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Posts Tagged ‘osprey nest’

Sometimes Ospreys (Pandion haliaetus) will renovate preexisting nests, but often they have to build one from scratch. This osprey couple that I spotted recently at Occoquan Bay National Wildlife Refuge was trying to build one in what seemed to be a rather precarious location.

I learned about the location of the nest only when I spotted an osprey flying by me with a stick in its talons. In my zeal to track the osprey, I neglected to pull back on my zoom lens, so I ended up cutting off its wing tips in the first image in which the osprey is delivering the stick. In the second image, you can see the nest-to-be as the osprey attempts to arrange the sticks. The final shot shows the osprey arriving at the nesting site with another stick. I like the way that the osprey almost hovered in order to land softly with its delivery.

I don’t know it the osprey couple will manage to jam enough sticks in the crook of the tree to be able to form a stable nest, but I will be sure to check their progress in future visits, as long as the wildlife refuge continues to stay open.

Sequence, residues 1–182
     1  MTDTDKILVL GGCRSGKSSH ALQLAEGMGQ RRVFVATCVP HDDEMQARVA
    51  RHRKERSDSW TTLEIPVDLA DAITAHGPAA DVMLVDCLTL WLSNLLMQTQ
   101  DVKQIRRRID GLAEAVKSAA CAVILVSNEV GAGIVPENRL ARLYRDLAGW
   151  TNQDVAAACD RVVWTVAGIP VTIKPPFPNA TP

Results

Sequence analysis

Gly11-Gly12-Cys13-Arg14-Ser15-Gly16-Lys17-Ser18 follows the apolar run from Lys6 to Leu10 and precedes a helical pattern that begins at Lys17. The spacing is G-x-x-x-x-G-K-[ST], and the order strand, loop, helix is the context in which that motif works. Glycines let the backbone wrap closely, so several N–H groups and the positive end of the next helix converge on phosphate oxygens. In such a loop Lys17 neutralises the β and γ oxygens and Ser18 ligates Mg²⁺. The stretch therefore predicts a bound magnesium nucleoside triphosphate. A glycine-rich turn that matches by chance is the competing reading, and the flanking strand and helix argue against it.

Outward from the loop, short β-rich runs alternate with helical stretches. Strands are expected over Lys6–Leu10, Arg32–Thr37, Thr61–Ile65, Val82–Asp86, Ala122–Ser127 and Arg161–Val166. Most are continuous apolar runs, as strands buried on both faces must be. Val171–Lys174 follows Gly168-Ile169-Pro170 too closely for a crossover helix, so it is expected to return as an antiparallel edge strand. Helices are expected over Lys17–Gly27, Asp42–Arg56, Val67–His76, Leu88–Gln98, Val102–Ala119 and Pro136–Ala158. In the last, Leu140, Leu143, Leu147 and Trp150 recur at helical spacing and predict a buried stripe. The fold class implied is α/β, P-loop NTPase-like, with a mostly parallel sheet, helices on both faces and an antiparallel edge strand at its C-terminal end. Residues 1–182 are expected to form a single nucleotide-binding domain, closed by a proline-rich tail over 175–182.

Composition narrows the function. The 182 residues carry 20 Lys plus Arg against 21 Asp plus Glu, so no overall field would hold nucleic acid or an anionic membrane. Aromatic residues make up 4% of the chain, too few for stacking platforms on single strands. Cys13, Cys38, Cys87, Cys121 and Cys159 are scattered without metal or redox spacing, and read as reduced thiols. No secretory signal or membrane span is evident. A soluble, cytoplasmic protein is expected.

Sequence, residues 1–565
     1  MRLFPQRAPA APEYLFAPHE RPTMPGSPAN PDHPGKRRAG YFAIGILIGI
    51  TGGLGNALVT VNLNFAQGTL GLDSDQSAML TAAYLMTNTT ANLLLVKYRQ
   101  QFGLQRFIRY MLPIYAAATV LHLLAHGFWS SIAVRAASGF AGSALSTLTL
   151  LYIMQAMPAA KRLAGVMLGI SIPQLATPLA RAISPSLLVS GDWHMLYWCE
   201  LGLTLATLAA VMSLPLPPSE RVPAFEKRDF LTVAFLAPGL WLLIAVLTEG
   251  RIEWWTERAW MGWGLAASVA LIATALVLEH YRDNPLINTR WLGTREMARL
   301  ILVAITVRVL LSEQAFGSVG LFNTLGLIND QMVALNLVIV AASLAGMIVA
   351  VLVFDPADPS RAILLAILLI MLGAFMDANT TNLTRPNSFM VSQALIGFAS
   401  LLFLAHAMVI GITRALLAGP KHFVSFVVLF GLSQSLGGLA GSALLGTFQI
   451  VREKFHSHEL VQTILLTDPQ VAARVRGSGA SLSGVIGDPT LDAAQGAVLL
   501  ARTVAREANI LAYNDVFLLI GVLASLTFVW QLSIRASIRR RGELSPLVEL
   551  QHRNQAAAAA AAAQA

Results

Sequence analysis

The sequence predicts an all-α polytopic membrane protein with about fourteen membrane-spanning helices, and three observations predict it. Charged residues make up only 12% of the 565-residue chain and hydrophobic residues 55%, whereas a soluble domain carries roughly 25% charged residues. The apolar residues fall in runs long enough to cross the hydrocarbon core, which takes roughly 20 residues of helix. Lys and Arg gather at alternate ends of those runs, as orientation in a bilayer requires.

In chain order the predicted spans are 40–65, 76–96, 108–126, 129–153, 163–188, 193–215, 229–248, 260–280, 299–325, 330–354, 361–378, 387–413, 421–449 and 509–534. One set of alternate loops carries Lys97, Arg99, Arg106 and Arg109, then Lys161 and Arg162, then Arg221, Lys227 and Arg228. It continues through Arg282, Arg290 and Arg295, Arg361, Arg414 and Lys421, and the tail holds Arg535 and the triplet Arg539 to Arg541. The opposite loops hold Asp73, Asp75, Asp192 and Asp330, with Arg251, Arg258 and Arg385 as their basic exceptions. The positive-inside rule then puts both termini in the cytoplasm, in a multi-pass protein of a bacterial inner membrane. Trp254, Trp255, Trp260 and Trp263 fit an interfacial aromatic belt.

Osprey

Osprey

Osprey

© Michael Q. Powell. All rights reserved.

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Land prices are so high here in Northern Virginia that you have to be creative. Yesterday I spotted this Osprey (Pandion haliaetus) couple building their tiny house on one of the boundary channel markers off of Occoquan Bay National Wildlife Refuge.

The osprey perched in the back, which I believe is the female, remained in place while the other osprey flew off to forage for building materials. Sometimes they were only small twigs, but occasional the male osprey would return with a fairly long branch, as in the second photo. In the third shot, the male osprey has successfully landed with the long branch, but has not yet let go of it.